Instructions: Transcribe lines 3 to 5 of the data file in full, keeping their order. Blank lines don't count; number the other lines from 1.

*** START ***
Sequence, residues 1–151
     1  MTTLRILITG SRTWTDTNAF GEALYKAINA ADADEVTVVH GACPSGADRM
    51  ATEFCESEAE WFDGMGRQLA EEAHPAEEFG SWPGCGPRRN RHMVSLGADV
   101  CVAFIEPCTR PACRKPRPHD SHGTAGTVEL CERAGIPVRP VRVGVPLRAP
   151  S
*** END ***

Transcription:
    51  ATEFCESEAE WFDGMGRQLA EEAHPAEEFG SWPGCGPRRN RHMVSLGADV
   101  CVAFIEPCTR PACRKPRPHD SHGTAGTVEL CERAGIPVRP VRVGVPLRAP
   151  S